Excerpt from my book Divorce Done Easier by Carol Delzer
Tools for the Journey of Divorce: Lao Tzu famously said, “The journey of a thousand miles begins with one step.” I can’t take that step for you, but I do have a number of tools that will make your journey easier and less painful while producing more positive outcomes for you and your family. These tools are not legal strategies or recommendations about how to divide your assets. They’re more powerful than that. The tools offered focus on your most important asset during this process: you and your emotional and mental capacities. You have a power that for many people is usually only tapped in times of crisis. Divorce is a time of crisis and requires the use of that power you have within. I want to make sure you have the tools to tap into that power you have.
A.A. Milne put it, “Promise me you’ll always remember: You’re braver than you believe, and stronger than you seem, and smarter than you think.”
Tool #1: Embracing Change—A Transformative Opportunity
Divorce is a huge change in ones life. But we must remember life is all about change. Sometimes it is welcome, but other times it’s terrifying. Many of us are adamantly averse to any type of change. Whether our current circumstances are good or not good, we would still prefer to keep things the way they are, within our comfort zone. People even stress over seemingly positive changes such as financial windfalls or career promotions. The life we know just seems safer than that big unknown out there.
Getting divorced and becoming single usually fall into the not-so-welcome change category. The physical, emotional and financial adjustments of divorce can be overwhelming. Right now, your life may seem broken beyond repair. It may be hard to imagine, but over the years I’ve seen that this can be a positive turning point in a person’s life. Besides, right now, you don’t really have the option to keep everything the same, do you? So rather than resist the changes coming, let’s learn to be good at moving through them!
People who are good with change embrace it. They don’t waste their time kicking and screaming about it, whining to their friends or complaining to their coworkers. Instead, they focus on asking questions like, “What’s next?” or “How can I grow from this experience?” or “How can I make this change as positive as it can be?”
If you’re willing to fully embrace the changes that your divorce will bring to the best of your ability, you’ll have the opportunity to create a rewarding new life for yourself and your family. So take a deep breath, and let’s get started.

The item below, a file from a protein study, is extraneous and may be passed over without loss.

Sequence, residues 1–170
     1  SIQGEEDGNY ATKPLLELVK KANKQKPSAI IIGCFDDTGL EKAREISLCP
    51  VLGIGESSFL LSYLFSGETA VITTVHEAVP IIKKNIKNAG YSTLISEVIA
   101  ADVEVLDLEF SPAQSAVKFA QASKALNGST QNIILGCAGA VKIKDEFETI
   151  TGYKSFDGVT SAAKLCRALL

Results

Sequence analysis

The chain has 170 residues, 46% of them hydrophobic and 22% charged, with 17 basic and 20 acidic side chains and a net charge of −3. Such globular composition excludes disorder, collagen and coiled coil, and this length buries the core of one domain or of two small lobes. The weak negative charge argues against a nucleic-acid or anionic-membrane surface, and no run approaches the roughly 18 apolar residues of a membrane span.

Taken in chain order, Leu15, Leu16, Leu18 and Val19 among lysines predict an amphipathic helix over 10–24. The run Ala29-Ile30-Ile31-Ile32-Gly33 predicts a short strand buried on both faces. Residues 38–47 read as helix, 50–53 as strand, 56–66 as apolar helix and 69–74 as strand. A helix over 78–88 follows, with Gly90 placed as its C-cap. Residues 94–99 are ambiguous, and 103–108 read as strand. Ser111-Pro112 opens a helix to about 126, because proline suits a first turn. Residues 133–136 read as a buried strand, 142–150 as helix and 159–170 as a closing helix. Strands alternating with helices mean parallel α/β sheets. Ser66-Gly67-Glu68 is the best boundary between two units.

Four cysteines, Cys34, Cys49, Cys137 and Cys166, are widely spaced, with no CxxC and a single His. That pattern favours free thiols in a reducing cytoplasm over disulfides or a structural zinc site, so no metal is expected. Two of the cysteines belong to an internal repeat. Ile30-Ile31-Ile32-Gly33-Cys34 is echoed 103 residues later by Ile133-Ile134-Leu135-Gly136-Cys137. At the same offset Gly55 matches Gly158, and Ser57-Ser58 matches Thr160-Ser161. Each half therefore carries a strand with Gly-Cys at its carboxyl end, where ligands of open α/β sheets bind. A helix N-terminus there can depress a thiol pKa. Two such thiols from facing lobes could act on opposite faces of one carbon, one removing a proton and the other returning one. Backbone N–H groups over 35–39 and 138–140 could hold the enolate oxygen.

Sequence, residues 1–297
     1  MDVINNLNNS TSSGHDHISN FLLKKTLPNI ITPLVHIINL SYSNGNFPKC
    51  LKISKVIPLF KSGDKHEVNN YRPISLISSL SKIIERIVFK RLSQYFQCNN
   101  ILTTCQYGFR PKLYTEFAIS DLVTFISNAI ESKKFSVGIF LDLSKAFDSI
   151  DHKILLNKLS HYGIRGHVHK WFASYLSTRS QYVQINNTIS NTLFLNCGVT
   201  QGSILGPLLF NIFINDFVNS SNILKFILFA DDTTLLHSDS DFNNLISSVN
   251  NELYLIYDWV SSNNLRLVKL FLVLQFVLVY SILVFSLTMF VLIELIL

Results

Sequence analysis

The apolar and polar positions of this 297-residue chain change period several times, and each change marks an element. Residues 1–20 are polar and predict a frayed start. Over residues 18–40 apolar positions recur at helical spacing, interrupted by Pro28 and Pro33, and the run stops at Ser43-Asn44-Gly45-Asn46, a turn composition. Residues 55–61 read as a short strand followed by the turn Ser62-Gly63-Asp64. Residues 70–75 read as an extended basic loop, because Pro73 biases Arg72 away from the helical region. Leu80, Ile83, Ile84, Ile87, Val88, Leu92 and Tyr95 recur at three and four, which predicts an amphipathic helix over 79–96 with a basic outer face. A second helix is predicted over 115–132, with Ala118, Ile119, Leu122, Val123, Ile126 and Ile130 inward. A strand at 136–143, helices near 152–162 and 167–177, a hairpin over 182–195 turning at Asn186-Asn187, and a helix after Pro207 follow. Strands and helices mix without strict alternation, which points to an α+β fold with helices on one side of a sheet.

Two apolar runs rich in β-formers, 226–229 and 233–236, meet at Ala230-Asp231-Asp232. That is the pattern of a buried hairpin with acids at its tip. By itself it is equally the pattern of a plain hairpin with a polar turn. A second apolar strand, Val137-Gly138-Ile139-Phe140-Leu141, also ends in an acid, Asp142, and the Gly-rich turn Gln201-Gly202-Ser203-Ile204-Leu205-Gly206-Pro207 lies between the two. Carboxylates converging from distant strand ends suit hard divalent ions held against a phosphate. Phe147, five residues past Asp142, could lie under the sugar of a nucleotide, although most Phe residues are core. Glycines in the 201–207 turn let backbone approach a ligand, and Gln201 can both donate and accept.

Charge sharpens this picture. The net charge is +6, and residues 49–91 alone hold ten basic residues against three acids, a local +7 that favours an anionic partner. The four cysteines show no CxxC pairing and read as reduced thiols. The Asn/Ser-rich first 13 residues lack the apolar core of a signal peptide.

Tool #2: Audit Your Attitude
More than anything else, the one attribute that separates people who adjust well to change and those who do not is attitude. Change is inevitable, but you have the choice to make this change better or worse for yourself. Highly successful people are always looking for opportunities to change because change is growth. Here are some ways you can shift your own attitude so that it serves you better:
Alternative Attitude Statements: Ask yourself, “What is my cur- rent attitude about the changes because of this divorce?” Be honest with yourself. Do you feel fearful? Overwhelmed? Resentful that you have to make these changes? Sit down and make a list, put- ting all of your current attitudes into statements such as: “Change stinks.” “My life will never be as good as it was.” “I can’t handle all of these problems.” Leave a few spaces between each statement. If you have any positive attitudes about this change, great! Write those down too.
Now, looking at your list, what are some different attitudes, new ways of thinking and feeling, you can adopt? What attitudes would be more helpful and feel better? These alternate attitudes may not come to you immediately. Think about people you know who are great with change. How would they think about this? Imagine yourself feeling benefitted from this change. What would you be saying to yourself and to people around you?
Take each statement that reflects your current attitude and write an alternative statement. For example, you might counter “Change stinks” with “Change rocks!” How about switching from “My life will never be as good” to “My life can be even better.” Maybe “I can’t handle all these problems” can become “I’m fully ready to go on this adventure!”